The Definitive Dwiggins no. 29 addendum—Where’s Oz?

After reading paragraphs 122 and 123 regarding the instructions for enumerators of the Twelfth United States census (1900), I decided to see if I could find another instance of someone counted twice. I had in mind Oswald Cooper (1879–1940), designer of the famous (or, depending on your view, notorious) Cooper Black , who had studied at the Frank Holme School of Illustration at the same time that Dwiggins did. Researching his life and work has—like that of Goudy, Updike, Cleland and others—been an ancillary aspect of my Dwiggins investigations. So, I already knew that there was a record for Cooper in the 1900 census.

The record (shown below) has Cooper residing at 312–314 and 322–324 West Monroe Street*, a boardinghouse run by William McDonagh and his wife Carrie. He is listed (line 25) as an “Art Student.” Thirty other boarders, ranging in age from 18 to 57 and with professions running the gamut from day laborer to lawyer, are also at that compound address. Thus, the boardinghouse is very similar to the one that Dwiggins was in, though larger and structurally different. [1]

West Town (City of Chicago, Ward 8), Twelfth United States Census, Schedule No. 1, Sheet no. 18. Enumeration by Enright on June 12, 1900.

West Town (City of Chicago, Ward 18), Twelfth United States Census, Schedule No. 1, Sheet no. 12. Enumeration by Daniel Enright on June 12, 1900.

Paul Groth, in the Encyclopedia of Chicago, writes,

Until 1930, people with comfortable incomes might move to Chicago and never live anywhere except in a hotel. A room or suite of rooms in a palatial hotel (for the rich) or a middle-priced hotel (for those of middle income) were luxurious, conveniently located, and cheaper than maintaining a private house in the city. Hotels gave Chicago residents an instant social position, and interaction with some of the wealthiest residents of the city….

Midpriced and palace-style hotels probably housed only about one-sixth of Chicago’s hotel residents. Another one-third of the city’s hotel residents lived in a widely varied class of dwellings called “rooming houses.” A rooming house might range from a former single-family house to a three-hundred-room hostelry. Rooming house residents, half of them men, half women, and most of them young, worked as department store clerks, secretaries, salesmen, or in journeymen construction building trades. Such work could not be counted on for every season of the year, so residents had to be within reasonable walking distance of multiple jobs. The Near North Side was the city’s most extensive rooming house district.

For people who were marginally employed in common labor jobs (from digging ditches to living in the off-season from field work or railroad construction) the only available homes were in hotel buildings disparagingly called “cheap lodging houses.” Typically, half of a city’s hotel homes were in such structures. In Chicago, the former Main Stem area on West Madison Street was nationally famous, although there were other cheap lodging house districts in the Near North and in several blocks in the racially segregated South Side. [2]

Cooper’s boardinghouse was not far from Union Station and about a half-hour’s walk from Michigan Avenue and the School of Illustration. Its population must have been highly transient as only eight of the roomers can be found in the 1900 Chicago city directory at any of those multiple addresses. Despite that, it was probably not a “cheap lodging house” since most of the roomers had year-round jobs.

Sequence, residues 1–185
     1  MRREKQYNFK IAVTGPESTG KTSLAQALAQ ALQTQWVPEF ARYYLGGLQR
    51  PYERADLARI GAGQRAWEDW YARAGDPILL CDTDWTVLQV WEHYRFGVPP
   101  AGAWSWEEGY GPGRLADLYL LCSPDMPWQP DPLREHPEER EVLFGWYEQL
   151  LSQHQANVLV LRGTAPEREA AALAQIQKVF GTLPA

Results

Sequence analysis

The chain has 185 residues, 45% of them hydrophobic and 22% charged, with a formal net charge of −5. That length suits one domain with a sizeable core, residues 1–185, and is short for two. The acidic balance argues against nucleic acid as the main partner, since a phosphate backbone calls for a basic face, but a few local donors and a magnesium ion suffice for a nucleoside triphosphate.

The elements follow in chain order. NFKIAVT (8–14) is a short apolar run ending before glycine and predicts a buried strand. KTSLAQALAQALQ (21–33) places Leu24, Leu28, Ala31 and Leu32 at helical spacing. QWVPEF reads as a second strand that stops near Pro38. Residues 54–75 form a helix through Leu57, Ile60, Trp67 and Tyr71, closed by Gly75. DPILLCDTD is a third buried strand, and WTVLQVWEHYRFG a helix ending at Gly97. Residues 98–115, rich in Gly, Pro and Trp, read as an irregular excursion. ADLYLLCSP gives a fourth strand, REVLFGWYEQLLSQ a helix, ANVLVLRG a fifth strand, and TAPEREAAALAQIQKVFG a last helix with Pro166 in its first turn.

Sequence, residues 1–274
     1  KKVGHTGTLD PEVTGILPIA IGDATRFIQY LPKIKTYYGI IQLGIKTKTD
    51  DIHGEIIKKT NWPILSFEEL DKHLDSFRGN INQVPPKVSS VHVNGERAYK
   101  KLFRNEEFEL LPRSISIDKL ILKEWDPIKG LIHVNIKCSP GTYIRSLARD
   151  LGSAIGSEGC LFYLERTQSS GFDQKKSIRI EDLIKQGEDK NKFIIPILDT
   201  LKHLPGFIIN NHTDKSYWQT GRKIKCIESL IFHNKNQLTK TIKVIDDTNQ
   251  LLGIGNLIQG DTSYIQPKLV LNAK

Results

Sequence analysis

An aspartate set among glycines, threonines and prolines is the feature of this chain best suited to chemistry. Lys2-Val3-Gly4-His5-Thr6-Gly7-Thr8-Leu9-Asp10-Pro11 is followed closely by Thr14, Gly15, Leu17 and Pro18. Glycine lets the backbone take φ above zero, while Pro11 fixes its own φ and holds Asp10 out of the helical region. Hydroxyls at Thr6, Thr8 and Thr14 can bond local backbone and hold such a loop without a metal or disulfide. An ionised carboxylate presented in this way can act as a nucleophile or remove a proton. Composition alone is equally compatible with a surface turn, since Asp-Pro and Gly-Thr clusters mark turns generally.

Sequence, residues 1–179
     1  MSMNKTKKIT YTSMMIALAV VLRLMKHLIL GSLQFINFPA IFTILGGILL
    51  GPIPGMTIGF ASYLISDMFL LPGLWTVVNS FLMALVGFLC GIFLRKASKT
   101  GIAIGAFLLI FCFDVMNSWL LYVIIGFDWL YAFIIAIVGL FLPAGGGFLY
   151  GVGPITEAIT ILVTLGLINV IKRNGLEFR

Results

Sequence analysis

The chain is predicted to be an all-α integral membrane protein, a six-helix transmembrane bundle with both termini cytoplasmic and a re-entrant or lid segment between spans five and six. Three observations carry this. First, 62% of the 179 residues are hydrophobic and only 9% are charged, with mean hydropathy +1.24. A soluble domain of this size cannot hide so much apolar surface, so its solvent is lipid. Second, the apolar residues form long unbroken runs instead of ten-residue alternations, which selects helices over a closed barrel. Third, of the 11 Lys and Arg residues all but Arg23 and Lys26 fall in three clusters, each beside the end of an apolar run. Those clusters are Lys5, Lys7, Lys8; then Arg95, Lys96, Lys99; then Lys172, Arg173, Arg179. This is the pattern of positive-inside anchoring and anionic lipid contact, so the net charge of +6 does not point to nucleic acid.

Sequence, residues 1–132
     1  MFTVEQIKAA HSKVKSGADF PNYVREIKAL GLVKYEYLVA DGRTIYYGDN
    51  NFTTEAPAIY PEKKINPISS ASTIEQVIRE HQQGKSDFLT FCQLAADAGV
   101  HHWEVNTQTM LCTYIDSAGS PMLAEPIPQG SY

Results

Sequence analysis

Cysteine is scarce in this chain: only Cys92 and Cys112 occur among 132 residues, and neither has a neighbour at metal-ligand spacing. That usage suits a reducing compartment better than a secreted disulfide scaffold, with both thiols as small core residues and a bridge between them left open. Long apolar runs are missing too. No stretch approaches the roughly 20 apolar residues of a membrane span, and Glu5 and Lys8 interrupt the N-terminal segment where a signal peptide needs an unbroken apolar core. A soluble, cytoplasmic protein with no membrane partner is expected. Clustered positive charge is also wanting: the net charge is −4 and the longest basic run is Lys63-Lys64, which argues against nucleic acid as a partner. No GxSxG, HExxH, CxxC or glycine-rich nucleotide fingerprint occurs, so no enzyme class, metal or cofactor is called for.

Twelfth United States Census, Schedle No. 1, Sheet no. . Enumberated by on June 8, 1900.

Coffeyville City [Kansas], Twelfth United States Census, Schedule No. 1, Sheet no. 15. Enumerated by Francis M. Benefiel on June 8, 1900.

The second record for Oswald Cooper in the 1900 census took a bit of work to unearth. The biographical information in The Book of Oz edited by Ray DaBoll (Chicago: Society of Typographic Arts, 1949) is skimpy. [3] He was born in Mt. Gilead, Ohio but grew up in Coffeyville, Kansas. I tried both Ohio and Kansas as key states to locate another record for Cooper and thought I had failed with both until I checked the result for “Oswell Cooper” (see above). Under that misspelling Cooper is listed (see line 17) as living with Hanabel [sic] and Anna Cooper at 504 Fifth Street, Coffeyville, Kansas on June 8, 1900. His occupation is “Artist”. [4]

Finding Cooper in two places during the 1900 Census indicates that such discrepancies must have been fairly common and not as odd as I initially thought when I stumbled upon the double Dwiggins entries.

*Chicago streets were renumbered in 1909 so these are not current addresses. To convert them use the street renumbering PDF.
[1] The boardinghouse could be four row houses joined together or two adjoining double-family houses. I have not located any c.1900 photographs of the neighborhood to know what the housing stock was like.
[2] Some of the rooming house areas were also known their prevalence of prostitution and vice. See the excerpt from Sexual Geography and Gender Economy: The Furnished Room Districts of Chicago, 1890–1930 by Joanne Meyerowitz online.
[3] Cooper was born 13 April 1879 contrary to what the Wikipedia entry says. See “A Brief Tabular Biography of Oswald Bruce Cooper” in The Book of Oz Cooper: An Appreciation of Oswald Bruce Cooper (Chicago: The Society of Typographic Arts, 1949), p. 7.
[4] Cooper’s parents were Hannibal and Anna Cooper. In the Fourteenth Census of the United States (1920), they are both listed as living in Chicago with him at 1201 Addison Street. His mother died later that year on December 17; and his father, a carpenter, died October 24, 1923. In the Fourteenth Census Cooper’s profession is listed as “Ornament Letterer.”